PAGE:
Three minutes of unexpected scripture = ingestion of poisonous chemical.

    Gimme a break, Bob. If we owe each other the duty of protection against brief encounters with words we find distasteful when we accidentally encounter them, then you and I should send up flares to shield each other from ever stumbling over each other’s comments.

    WARNING *** WARNING *** WARNING *** (Bob, do NOT read) *** WARNING *** WARNING

  18. Bookslinger
    July 30, 2008 at 12:55 am

    I propose we make “Exceedlingly!” a new buzzword.

    John: “Man, this new song is da bomb!” (or whatever buzzword has replaced ‘da bomb’)

    Joe: “Exceedlingly!”


    Frank: “That new chick is a hottie!”

    Fred: “Exceedingly!”

    — — —

    We almost got a foothold with the TV commercial “Behold, the power of cheese!”

  19. Bob
    July 30, 2008 at 1:53 pm

    #17: Again, I am honored you read my comments.
    The topic is: ‘accidental’?, ‘chance encounter’?
    Or, ‘..been ambushed’. Or, “I relish the thought of unknowning colleagues stumbling across…”.
    “Distasteful”….your word , not mine. Have a blessed day.

  20. Kari
    July 30, 2008 at 2:25 pm


    Are you trying to make exceedlingly or exceedingly the new buzzword? I figured I’d ask before Ms. Turley does so. I like the tounge roll of the extra L, so I vote for exceedlingly.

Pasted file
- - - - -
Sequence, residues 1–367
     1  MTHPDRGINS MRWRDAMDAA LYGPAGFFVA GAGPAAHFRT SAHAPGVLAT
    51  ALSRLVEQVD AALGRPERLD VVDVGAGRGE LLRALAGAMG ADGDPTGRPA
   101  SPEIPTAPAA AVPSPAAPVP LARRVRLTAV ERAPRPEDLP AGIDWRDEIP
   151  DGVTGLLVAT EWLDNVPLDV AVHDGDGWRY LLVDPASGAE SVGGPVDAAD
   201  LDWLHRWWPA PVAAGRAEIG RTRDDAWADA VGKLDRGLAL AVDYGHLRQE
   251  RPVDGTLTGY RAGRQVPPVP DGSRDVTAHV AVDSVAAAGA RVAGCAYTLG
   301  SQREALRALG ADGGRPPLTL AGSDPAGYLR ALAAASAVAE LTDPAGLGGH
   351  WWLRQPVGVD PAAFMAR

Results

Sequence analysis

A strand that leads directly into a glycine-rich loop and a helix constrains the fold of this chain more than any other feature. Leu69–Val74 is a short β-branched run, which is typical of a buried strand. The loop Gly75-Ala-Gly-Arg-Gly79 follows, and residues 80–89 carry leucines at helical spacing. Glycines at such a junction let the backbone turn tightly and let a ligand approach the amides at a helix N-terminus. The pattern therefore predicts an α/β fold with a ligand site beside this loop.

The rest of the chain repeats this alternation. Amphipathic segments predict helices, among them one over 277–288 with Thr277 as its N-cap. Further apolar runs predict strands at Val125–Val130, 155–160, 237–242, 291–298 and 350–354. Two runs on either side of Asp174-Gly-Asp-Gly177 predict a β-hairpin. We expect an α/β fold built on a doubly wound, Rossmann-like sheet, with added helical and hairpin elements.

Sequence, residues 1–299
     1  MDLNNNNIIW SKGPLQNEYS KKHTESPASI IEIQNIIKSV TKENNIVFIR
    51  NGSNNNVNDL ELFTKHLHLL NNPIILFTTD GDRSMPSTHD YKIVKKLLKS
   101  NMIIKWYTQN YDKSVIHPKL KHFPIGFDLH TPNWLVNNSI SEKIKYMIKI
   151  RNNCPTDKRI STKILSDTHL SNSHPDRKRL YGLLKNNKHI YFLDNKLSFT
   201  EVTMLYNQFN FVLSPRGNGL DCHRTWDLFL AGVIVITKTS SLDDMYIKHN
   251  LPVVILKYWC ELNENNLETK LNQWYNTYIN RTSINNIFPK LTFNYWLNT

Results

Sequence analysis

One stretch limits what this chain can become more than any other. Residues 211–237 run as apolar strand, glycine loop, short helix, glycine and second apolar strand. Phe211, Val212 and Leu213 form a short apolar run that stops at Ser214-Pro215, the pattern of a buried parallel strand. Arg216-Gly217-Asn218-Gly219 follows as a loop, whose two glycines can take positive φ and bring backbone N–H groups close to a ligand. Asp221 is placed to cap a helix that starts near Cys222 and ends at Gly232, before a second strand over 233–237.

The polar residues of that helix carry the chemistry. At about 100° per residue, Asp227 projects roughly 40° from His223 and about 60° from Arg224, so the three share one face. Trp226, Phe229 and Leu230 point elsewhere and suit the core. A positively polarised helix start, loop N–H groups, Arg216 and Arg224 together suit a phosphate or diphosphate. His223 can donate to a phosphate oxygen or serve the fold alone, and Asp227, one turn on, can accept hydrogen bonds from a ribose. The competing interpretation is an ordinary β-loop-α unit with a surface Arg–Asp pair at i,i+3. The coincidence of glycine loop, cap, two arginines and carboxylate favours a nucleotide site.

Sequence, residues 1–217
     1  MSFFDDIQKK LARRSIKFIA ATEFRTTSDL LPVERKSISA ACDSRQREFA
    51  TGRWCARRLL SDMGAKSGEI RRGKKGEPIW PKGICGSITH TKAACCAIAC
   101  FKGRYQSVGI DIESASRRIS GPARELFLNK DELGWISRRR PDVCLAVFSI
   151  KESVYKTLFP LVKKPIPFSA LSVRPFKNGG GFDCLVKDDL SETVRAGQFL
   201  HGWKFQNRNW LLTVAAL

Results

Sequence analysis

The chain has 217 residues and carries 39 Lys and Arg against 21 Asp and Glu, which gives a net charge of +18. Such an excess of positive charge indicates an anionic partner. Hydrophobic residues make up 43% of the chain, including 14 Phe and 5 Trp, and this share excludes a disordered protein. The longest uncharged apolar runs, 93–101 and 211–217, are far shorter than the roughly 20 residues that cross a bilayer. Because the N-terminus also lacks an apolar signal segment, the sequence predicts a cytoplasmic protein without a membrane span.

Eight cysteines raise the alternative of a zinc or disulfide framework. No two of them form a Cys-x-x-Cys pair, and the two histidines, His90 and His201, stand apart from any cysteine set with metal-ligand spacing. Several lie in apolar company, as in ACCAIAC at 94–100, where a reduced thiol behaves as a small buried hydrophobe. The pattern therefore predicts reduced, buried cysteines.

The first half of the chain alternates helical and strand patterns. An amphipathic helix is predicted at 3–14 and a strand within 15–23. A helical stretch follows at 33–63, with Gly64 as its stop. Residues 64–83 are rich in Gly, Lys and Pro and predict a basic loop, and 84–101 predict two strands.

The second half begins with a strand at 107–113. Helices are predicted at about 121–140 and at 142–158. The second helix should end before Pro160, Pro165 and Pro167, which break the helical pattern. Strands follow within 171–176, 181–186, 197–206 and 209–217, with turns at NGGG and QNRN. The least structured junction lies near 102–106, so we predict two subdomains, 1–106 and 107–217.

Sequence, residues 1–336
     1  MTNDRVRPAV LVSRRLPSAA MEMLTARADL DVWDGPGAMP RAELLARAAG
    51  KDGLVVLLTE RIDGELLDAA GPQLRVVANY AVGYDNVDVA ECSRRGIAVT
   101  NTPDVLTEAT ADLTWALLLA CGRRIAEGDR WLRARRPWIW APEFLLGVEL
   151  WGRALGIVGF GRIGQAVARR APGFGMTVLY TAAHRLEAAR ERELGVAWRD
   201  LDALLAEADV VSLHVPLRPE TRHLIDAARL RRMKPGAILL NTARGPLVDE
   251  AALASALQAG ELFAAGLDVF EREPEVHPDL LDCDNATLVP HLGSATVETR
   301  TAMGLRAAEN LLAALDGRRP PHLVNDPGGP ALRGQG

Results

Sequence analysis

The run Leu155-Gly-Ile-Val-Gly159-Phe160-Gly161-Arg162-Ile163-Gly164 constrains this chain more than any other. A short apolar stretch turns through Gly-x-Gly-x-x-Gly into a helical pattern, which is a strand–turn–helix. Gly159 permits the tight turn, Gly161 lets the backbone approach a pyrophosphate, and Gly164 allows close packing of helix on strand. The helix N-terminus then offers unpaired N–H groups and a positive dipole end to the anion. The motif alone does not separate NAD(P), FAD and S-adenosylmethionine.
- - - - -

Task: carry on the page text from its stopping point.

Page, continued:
21. July 30, 2008 at 3:41 pm

    Kari, Exceedingly good catch. Time for me to get new glasses.

    Bob, 3 points:

    1) In Marc’s case, the co-workers came to his list. He didn’t foist it on them. They knew, or could have easily known, that it was his list. And if they had read the track titles, or ID tags, or folder names, they would have seen “Book of Mormon” and the book name (Mosiah, Alma, etc), and Chapter etc..

    Therefore, in legal terms, it might be described as “coming to the nuisance.”

    2. Only if he had masked information by renaming the tracks, titles, folders, or ID tags to misleading information, would I accuse Marc of ambushing.

    3. It’s my sincere belief that in the Spirit World and during the millennium, we’ll have many more (several times more) of our friends and associates grab us by the shoulders, shake us, and demand “You knew?! Why didn’t you TELL me?!” than those who claim that they were turned off from the gospel by our awkward attempts at sharing.